BookBrowse Reviews The Laws of Gravity by Liz Rosenberg

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The Laws of Gravity

by Liz Rosenberg

The Laws of Gravity by Liz Rosenberg
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  • First Published:
    May 2013, 298 pages
    Paperback:
    May 2013, 298 pages

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The Laws of Gravity is a testament to what it means to be a family, what it takes to save a life, and the lengths we will go to protect the ones we love.

Liz Rosenberg's The Laws of Gravity is making BookBrowse readers cry! 20 out of 24 reviewers gave it 4 or 5 stars! Here is what they say about this emotional book that asks its readers to put themselves in the protagonists' challenging shoes:

I recommend you run...not walk...to the nearest bookstore to purchase this book. Yes, it is a real tearjerker – but it has an important message. Cord blood is a new, technological advance that many of us are just becoming aware of. What do you do if someone could be saved by it and yet the intent was to save it for your own immediate family...as a just in case? (Colleen L.) The Laws of Gravity is spellbinding (Bobbie D.) If you like Jodi Picoult, this one is definitely for you (Darshell S.)

Many readers were drawn to the complex issues the book explores and could not put it down:

I am drawn to books about complex social issues especially those that impact families. Characters that are real, who are developed well enough so that I can feel their emotions and a strong story line make a book exceptional for me. This book had all of this and more (Linda D.) Liz Rosenberg presents carefully developed characters and a challenging dilemma that occupied my heart and my mind long after the end of the book (Lynne S.) Nicole discovers she has life threatening cancer, and her only chance is cord blood that Ari has banked. What will happen is what no close-knit family would want to go through. Lives are forever changed. This is an emotional, heartrending story (Cam G.) I found the intersection of new life and death with the diverse responses of various family members to be intriguing (Linda W.)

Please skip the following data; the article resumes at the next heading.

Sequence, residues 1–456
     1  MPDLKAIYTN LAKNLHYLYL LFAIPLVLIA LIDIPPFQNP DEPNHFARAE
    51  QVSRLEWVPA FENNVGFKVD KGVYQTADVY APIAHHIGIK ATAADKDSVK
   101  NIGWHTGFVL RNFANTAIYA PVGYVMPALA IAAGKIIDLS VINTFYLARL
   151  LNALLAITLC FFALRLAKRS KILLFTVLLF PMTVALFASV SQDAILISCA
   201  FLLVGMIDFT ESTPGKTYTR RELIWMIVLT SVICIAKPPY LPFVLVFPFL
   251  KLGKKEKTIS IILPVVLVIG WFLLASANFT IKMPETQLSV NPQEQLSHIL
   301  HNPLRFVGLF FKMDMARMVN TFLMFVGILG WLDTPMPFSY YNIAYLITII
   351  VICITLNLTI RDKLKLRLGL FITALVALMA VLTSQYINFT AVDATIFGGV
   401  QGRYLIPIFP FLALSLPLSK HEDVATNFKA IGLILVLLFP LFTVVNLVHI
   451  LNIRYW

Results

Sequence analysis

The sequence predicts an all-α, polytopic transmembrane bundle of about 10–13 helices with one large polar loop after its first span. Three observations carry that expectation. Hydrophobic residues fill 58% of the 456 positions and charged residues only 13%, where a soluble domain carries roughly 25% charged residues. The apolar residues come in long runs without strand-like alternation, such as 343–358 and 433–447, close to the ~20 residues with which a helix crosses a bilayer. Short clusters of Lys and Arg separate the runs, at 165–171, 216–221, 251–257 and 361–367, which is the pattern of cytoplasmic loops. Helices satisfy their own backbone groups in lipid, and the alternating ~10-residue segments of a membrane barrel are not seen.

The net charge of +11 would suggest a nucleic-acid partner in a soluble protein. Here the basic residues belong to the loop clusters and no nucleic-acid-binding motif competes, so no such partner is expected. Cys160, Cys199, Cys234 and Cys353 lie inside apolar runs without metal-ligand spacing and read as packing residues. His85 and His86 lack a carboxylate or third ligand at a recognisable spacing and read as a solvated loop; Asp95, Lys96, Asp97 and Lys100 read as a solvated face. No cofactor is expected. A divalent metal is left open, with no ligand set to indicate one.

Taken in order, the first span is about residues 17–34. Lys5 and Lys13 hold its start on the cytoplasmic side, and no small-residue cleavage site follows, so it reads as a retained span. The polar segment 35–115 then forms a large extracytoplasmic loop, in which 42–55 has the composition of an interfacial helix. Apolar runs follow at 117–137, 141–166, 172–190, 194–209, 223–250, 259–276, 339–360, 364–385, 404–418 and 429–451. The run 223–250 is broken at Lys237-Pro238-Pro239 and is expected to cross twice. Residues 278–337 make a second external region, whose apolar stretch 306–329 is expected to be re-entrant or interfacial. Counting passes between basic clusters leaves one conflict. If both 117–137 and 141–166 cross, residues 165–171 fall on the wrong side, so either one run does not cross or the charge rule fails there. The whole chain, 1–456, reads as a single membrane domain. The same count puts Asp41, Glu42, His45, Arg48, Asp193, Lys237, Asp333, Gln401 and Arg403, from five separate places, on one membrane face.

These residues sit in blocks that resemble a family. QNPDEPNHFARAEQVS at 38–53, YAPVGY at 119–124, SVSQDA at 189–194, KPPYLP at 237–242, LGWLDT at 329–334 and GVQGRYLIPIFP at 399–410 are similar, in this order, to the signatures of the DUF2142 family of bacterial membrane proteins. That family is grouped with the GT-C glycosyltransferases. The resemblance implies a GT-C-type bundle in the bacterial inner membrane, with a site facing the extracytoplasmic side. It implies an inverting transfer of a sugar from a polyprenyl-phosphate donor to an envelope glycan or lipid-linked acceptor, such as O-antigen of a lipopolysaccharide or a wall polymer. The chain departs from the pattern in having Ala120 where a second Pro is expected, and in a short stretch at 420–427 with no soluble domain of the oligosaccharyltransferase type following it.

The characters in The Laws of Gravity were real and full of depth:

The author creates an ensemble of believable characters with a lot of depth - a quality which puts this book on a higher plane (Elizabeth K.) This was a beautifully written and incredibly sad novel that was thought provoking. The strong story line and well-developed characters made it a book that I read almost in one sitting (Cynthia C.) I loved the character developments. Many, many beautiful moments kept the story moving even though the flow felt crafted to me. That is, until the ending. Genius how profound it became (Mark D.) Should Ari give the cord blood to help save Nicole's life? Does Nicole have the right to ask? Very complex family situation that this author tackles very well. There is great dialogue, humor, and excellent character development. I highly recommend this to anyone with a heart! (Dawn C.)

But perhaps the science behind the story wasn't mined as deeply as it could have been, suggests one of our reviewers:

This is a story with medical drama, family drama, and legal drama based on the premise that the central character, Nicole, will die without a cord blood transplant using her cousin's child's banked cord blood. Having worked in hematologist malignancy research for over a decade (albeit not in a scientific capacity), I was disappointed with the medical storyline. Specifically, it would have enhanced the story to have more interaction with her medical team, and have them be more involved in her road to transplant. There was only one reference to having made a search for transplant cells. The National Marrow Donor Program is a vast bank, and a search in the Bank would be worthy of more discussion. Lastly and most importantly, although cord blood is used in adult transplant, there are significant disadvantages such as not having enough cells for a successful transplant in an adult. Due to these disadvantages, collecting stems cells from the matching child's blood might have been a better option for efficacy, and a solution to get Nicole transplanted without using the banked cord blood. While I understand the need for some simplification, laying the foundation for the medical drama would have significantly increased my enjoyment of the book (Hazel R.)

In the end, our reviewers agreed that The Laws of Gravity begs the reader to imagine what it would be like to experience what the characters experience:

I loved this book. It is a study in ethics versus law…Each of us, as we read the book, will make judgments about what we would do if we were Nicole or Ari...but the bottom line is that they both did what they felt they had to do to protect their family (Diana J.) Family is extremely important but how far do you go to save someone when it could mean that your child might not be able to be saved in the future? (Kristen H)

This review is from the May 22, 2013 issue of BookBrowse Recommends. Click here to go to this issue.



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